«I have devoted all my life to figure skating, the most beautiful sport that not only fostered my aesthetic sensitivity but also nurtured my will to win, my courage and strong character. It is these qualities that have always steered me to victory. I am sure that at the Olympic Winter Games in Sochi, we will witness many unforgettable triumphs for Russian athletes!»
Figure skating is the oldest discipline in the Winter Olympics. As far back as 1908, figure skating competitions were included in the Summer Olympics in London, and in 1920 at the Antwerp Games. As of 1924 Olympics in Paris, singles and pair skating became a fixed part of the Olympic Winter Program.
The first Russian Olympic champion in figure skating was Nikolai Panin-Kolomenkin. He won a gold medal at London 1908 Olympic Games in an individual program called “Special Figures”.
A demonstration sport up through the 1972 Winter Games, Ice Dancing became part of the Olympic program in 1976, when Soviet figure skaters Lyudmila Pakhomova and Aleksandr Gorshkov became the first Olympic Ice Dancing champions.
Figure Skating in Russia
Figure skating began to develop quickly in Russia under Tsar Peter the Great. In addition to bringing samples of skates from Europe, he even invented new ways of attaching them directly to boots. After Peter's death, figure skating fell out of fashion in Russia, and was forgotten for many years.
In 1865, a public skating rink opened in St. Petersburg at the Yusupov Gardens. The finest in Russia, this rink immediately became a center for training figure skaters. Indeed, the first contest of Russian figure skaters was held here on March 5, 1878.
The Soviet school of figure skating came to the fore only after the Second World War. As early as in 1964, the USSR was celebrating its first Olympic success – a gold medal in pairs mixed skating for Lyudmila Beloussova and Oleg Protopopov
Today, figure skating is one of the most popular sports in Russia.
Figure Skating as it is
Figure skating in the Olympic Games includes both men's and women's individual events, pairs mixed, and ice dancing mixed. At the present time, four sets of medals are contested in the Olympic figure skating program.
Individual men's and women's figure skating comprises a short program that includes seven compulsory moves, and a free skate program. A well-balanced free program should include jumps, spins, and steps.
Likewise, pairs mixed skaters first perform a short program (7 moves) and then a free skate program. Compulsory moves include lifts, spirals, throws and synchronized jumps. One of the most significant criteria in the judging of programs is the degree to which a pairs' movements mirror one another.
Ice Dancing is the only discipline that allows the use of music with vocals. Dancers much adhere closely to the rhythm of the music and express the character of the music with appropriate emotion and feeling.
Until the 2010-2011 season, ice dancing comprised three performances: A compulsory dance (in which the performance closely follows a prescribed set of steps set to a piece of music with a particular character and musical rhythm); An original dance, carried out in keeping with guidelines provided by the International Skating Union; And a free skate dance, the theme and music of which is left to the skaters' choice, although the choreography of the dances should include a specific set of elements.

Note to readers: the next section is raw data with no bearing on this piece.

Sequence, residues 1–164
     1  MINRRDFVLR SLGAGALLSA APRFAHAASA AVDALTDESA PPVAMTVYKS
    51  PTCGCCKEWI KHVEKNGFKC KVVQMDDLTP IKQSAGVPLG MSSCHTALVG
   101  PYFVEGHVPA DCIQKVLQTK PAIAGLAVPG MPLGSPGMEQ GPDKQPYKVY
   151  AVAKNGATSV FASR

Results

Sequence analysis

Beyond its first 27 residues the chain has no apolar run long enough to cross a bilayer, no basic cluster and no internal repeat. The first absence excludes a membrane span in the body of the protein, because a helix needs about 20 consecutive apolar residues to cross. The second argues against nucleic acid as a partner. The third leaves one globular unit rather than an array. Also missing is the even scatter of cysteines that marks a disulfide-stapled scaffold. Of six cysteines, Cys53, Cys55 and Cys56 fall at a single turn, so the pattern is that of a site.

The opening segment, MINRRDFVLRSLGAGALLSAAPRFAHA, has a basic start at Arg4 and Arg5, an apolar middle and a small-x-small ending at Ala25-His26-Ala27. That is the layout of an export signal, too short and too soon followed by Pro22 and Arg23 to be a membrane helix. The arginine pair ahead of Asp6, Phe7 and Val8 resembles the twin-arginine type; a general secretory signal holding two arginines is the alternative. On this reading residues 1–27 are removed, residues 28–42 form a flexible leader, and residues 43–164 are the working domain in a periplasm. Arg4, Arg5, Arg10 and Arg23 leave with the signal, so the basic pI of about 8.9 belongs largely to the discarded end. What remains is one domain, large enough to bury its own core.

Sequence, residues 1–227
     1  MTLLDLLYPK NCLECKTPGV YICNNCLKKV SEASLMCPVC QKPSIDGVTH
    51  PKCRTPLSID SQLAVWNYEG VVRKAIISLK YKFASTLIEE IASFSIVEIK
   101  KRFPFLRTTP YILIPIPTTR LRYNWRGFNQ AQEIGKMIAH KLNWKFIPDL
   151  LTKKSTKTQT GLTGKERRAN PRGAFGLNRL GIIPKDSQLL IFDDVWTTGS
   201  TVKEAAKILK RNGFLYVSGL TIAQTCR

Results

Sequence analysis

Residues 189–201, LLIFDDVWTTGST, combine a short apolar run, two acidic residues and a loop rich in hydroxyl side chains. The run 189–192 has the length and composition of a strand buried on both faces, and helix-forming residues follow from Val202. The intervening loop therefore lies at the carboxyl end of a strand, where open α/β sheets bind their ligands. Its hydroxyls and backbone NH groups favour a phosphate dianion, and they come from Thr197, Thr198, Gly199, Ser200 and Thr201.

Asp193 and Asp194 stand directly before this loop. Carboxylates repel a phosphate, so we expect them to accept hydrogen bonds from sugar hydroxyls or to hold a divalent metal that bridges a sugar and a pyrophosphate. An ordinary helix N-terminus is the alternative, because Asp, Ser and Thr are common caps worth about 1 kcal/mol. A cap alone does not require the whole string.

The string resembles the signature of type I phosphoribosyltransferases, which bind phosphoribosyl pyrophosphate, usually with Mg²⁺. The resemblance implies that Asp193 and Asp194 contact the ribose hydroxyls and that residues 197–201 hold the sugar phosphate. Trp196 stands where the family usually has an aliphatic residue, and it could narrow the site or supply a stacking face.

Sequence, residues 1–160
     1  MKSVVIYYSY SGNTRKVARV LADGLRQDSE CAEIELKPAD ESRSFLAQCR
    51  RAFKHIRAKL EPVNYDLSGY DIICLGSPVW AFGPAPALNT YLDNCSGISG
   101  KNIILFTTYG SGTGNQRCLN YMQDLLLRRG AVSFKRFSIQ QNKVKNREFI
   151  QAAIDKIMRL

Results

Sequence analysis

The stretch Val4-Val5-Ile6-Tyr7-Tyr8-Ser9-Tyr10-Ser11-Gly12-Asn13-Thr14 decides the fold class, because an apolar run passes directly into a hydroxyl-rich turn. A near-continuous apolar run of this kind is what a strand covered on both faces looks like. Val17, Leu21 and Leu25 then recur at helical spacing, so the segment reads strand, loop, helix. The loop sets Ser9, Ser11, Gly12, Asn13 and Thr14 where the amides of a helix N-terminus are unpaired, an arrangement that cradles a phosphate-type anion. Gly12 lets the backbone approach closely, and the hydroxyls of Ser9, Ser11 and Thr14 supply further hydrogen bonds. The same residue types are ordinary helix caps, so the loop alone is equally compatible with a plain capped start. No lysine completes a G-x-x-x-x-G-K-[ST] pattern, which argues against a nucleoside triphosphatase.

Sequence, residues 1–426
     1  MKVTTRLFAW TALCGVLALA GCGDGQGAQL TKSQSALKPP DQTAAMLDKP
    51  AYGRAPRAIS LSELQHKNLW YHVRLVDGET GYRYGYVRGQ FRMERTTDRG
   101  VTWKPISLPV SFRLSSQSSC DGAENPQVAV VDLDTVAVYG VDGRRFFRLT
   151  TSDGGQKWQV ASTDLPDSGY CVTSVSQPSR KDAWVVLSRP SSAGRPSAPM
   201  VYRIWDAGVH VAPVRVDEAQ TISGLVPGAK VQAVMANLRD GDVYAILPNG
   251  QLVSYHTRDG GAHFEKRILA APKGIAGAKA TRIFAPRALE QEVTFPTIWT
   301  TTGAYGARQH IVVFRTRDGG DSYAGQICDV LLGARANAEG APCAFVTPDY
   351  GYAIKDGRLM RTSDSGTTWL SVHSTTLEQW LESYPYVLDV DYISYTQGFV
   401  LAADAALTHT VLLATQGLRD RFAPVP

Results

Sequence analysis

At present, ice dancing competitions, like those of other forms of figure skating, consist of two programs. The short program combines a compulsory dance—consisting of one or two parts—and certain prescribed elements. The theme and rhythm of the musical accompaniment is determined each season by the ISU, while the length of this dance—currently 2 minutes and 50 seconds—is similar to requirements of other forms of figure skating. The free dance has not undergone significant changes over the years and the basis of its scoring remains the quality of the compulsory elements in close dancing positions, the unison the skaters display and their ability to express the character of the musical selection.
Figure skaters use the following athletic equipment:
- Custom-made boots made of thick, stiff leather, with extra laces and wide tongues, which provide the ankle with both flexibility and support.
- High strength carbon-steel blades with concave grooves along their entire length and teeth in the toe of the blade to allow for pushing off when performing certain types of jumps.
- A suit made of stretchable material that does not restrict the skater’s range of motion. The outfit should correspond to the character of the musical selection and reflect the artistic idea of the program.
- A standard skating rink is 30 by 60 meters in size, with plastic or sliding boards. Figure skaters need the highest quality ice, which is possible with the aid of ice resurfacers. The thickness of the ice over its entire surface cannot vary by over 0.5 cm.
Figure skating in Sochi
The “Iceberg” Skating Palace in Sochi where both figure skating and short-track events will be held during 2014 Olympic Winter Games is not only a world-class modern athletic facility, but also a genuine work of art in its own right. The smooth, curving lines of the building’s façade are intended to evoke the trajectory of a figure skater performing a triple axel.
In keeping with the overall plan of 2014 Games, the “Iceberg” Skating Palace is located in the Olympic Park, which is to become the heart of the Olympic events in the Coastal cluster.
The venue is to hold 12,000 spectators.
The Olympic Skating Centre will be fully accessible to people with disabilities.
The venue is to be commissioned in 2012 to host test events.